chronic pain

6 Things You Never Knew About Chronic Pain

 The older you get, the more likely you are to suffer from some form of chronic pain. Whether it be back pain, arthritis, headaches, something else, or even a combination of several different kinds of pain, it’s incredibly difficult to live with on a day to day basis. But are you doing all you can to alleviate the problem? Are you inadvertently making things worse? Here are a few things you might not know about chronic pain—that you really should.

  1. It Can Get Expensive. According to the Institute of Medicine, around 100 million Americans suffer from some sort of chronic pain—defined as pain lasting for more than 12 weeks. It costs the country around $600 billion per year—or $6,000 per person. Of course, not all of that is medical treatments. Some of it is loss of productivity suffered by employers of people who have chronic pain.
  2. Fish and Olive Oil Can Help. Studies show that certain foods can help reduce chronic pain in a number of different ways. Fatty fish, for instance, such as tuna, salmon, trout, and even sardines, have Omega-3 fatty acids, which are good at helping to fight inflammation. Extra virgin olive oil also has anti-inflammatory properties. Something else that can be helpful, which you might not expect, is cherry juice. A study of patients with knee pain found that consuming eight ounces of tart cherry juice, twice a day, helped reduce pain and improve overall functioning over time.
  3. Red Meat and Soda Can Hurt. Unfortunately, there are other foods that may be making the problem worse. If you like red meat, such as steak and hamburger, this can lead to more inflammation and increase your risk of rheumatoid arthritis. The same has been found to be true of soda and other sugary drinks, along with refined grains like white bread.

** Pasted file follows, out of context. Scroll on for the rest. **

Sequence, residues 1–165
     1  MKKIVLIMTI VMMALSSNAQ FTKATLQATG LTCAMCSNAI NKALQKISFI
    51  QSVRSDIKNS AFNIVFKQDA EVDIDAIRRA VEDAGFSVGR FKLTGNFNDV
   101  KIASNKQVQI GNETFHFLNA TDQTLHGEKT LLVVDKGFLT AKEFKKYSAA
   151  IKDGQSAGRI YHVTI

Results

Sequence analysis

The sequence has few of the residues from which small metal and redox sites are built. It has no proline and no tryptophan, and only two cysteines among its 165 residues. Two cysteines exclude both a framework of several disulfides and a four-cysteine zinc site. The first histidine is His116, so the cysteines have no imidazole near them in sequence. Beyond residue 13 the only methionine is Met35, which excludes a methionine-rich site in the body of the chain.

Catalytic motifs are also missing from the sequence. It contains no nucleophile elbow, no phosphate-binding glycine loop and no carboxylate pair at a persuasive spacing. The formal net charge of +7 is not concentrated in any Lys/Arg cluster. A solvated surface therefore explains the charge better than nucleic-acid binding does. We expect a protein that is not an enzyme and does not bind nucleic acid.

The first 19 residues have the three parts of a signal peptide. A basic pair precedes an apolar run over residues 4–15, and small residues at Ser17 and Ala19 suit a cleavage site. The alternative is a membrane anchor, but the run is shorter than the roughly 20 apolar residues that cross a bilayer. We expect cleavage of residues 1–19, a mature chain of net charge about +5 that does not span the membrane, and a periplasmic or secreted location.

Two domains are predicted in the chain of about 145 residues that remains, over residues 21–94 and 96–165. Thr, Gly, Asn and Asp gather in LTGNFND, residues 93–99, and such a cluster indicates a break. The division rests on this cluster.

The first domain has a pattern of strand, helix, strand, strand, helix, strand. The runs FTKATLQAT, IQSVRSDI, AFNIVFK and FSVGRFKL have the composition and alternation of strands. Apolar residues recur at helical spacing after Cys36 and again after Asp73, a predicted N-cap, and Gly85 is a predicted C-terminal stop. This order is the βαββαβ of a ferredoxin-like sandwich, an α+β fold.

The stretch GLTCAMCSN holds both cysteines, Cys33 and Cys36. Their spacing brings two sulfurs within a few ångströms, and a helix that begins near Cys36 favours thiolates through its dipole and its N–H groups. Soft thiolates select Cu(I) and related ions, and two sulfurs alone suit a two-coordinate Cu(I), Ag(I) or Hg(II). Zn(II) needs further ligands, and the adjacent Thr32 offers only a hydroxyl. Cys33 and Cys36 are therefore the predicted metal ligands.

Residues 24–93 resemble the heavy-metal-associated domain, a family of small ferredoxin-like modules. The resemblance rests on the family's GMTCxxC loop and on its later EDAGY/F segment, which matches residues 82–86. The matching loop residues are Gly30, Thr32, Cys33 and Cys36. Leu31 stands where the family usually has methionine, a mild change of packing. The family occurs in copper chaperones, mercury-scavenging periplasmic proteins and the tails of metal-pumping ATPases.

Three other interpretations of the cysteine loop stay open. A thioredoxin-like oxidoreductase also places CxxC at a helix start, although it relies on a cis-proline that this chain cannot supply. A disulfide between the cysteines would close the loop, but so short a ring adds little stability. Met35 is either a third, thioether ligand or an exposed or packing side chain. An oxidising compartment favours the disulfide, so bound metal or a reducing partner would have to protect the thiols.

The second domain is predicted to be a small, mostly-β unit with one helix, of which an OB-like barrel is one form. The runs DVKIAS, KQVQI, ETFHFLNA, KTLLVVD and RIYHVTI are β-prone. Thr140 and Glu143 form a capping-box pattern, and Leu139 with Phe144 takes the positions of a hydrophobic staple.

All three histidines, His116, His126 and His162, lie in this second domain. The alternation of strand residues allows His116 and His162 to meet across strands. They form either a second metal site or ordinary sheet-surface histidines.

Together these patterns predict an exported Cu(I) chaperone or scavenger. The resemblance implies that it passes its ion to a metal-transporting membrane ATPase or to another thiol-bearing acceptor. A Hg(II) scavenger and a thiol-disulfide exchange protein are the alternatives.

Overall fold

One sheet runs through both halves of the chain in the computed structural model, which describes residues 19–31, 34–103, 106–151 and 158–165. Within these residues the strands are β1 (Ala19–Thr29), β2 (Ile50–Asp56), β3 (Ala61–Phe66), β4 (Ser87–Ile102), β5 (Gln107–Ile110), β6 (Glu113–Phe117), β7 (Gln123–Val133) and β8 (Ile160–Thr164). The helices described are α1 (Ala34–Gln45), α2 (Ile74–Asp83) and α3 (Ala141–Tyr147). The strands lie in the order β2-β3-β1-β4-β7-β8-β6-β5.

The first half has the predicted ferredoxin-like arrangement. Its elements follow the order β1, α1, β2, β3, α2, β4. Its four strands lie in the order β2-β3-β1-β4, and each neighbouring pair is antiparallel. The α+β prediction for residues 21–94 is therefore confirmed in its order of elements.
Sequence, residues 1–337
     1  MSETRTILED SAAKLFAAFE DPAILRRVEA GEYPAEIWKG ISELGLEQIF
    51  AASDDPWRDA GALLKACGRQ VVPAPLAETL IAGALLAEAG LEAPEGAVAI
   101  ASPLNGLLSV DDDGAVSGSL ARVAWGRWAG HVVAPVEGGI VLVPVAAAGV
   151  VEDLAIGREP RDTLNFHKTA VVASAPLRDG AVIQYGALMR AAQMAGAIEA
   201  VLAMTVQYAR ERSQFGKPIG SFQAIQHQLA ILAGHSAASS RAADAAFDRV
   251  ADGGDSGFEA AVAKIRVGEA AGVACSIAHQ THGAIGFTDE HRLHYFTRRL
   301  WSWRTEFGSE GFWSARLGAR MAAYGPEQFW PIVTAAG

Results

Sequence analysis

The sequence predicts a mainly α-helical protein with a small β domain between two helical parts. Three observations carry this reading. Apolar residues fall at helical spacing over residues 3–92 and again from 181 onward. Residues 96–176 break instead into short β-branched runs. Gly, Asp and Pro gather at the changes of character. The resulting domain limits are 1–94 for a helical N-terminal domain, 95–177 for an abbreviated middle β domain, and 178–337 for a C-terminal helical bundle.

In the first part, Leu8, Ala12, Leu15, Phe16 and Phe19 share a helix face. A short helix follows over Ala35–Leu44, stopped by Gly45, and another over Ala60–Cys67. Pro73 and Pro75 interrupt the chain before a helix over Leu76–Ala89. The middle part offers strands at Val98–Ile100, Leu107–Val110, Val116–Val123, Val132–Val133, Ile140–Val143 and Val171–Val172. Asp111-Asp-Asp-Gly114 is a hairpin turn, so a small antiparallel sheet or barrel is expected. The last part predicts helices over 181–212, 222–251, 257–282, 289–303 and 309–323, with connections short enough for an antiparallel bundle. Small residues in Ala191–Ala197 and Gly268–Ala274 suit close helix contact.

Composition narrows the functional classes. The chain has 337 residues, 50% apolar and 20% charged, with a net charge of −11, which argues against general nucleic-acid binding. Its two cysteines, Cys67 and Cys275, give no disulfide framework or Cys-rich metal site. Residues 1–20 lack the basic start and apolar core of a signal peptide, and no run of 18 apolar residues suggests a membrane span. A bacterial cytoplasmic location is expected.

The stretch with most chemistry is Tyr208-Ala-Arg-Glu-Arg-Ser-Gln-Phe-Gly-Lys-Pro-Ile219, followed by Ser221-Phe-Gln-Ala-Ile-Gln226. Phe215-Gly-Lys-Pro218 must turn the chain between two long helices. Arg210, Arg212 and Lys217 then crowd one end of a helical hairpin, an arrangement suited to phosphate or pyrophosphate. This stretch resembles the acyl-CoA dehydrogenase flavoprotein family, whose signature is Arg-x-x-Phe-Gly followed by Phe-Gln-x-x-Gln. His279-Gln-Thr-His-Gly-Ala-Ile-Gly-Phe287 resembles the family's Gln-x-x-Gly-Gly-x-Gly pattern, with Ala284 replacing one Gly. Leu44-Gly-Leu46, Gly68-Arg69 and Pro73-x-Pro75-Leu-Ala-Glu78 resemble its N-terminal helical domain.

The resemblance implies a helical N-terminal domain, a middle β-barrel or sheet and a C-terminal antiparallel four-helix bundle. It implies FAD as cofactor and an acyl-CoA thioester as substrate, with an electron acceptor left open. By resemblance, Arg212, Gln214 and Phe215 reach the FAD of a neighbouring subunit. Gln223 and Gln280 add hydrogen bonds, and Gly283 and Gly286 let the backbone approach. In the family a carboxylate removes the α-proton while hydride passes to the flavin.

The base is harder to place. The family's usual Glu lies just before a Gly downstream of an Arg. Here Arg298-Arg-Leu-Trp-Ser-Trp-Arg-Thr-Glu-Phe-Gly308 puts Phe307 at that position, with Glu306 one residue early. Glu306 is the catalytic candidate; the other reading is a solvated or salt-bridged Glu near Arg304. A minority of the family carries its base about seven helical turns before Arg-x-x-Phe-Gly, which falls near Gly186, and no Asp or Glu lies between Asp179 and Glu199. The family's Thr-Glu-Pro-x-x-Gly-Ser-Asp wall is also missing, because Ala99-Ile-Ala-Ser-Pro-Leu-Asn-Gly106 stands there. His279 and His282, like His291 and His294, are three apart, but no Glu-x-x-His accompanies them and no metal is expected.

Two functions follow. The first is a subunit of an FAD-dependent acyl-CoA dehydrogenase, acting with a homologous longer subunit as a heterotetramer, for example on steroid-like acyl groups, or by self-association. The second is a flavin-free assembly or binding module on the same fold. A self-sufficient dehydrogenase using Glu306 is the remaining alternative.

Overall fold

4. Be Careful of Opioids. For certain severe types of chronic pain, your doctor may prescribe something stronger than Ibuprofen. They may give you opioids, such as oxycodone, codeine, Vicodin, or even morphine. Be very careful, though. While they can be effective at reducing pain, they can also be highly addictive in some cases. If your doctor does prescribe you an opioid, they’ll want to monitor your use very carefully. Follow their instructions exactly and never take more than directed.
  5. Look at Non-Medicinal Treatments. There are other things that can help alleviate the pain besides pills. Acupuncture, for instance, can help with back pain, knee pain, headaches, and more. Massage is good in this regard as well, along with yoga. And if you’re having back pain in particular, it might behoove you to pay regular visits to a chiropractor. Of course, talk to your doctor before exploring any of these options, and see if they can recommend someone who specializes in the treatment of chronic pain.
  6. Rest Can Make Things Worse. Logic says that if something hurts, you should rest it, avoiding strain until the pain goes away, and then continuing that rest even longer, just to make sure. But science and medicine say differently. Today, most doctors recommend that you return to your normal activities as soon as you’re able. Furthermore, movement has been found to be more helpful in aiding your recovery than rest. For more severe cases, you might look into strength training and physical therapy to help you get better.

These are just a few things you should keep in mind when dealing with chronic pain. It’s a terrible thing for anyone to endure, but with a little knowledge and a little planning, you can hopefully alleviate the pain and get yourself on the road to recovery.

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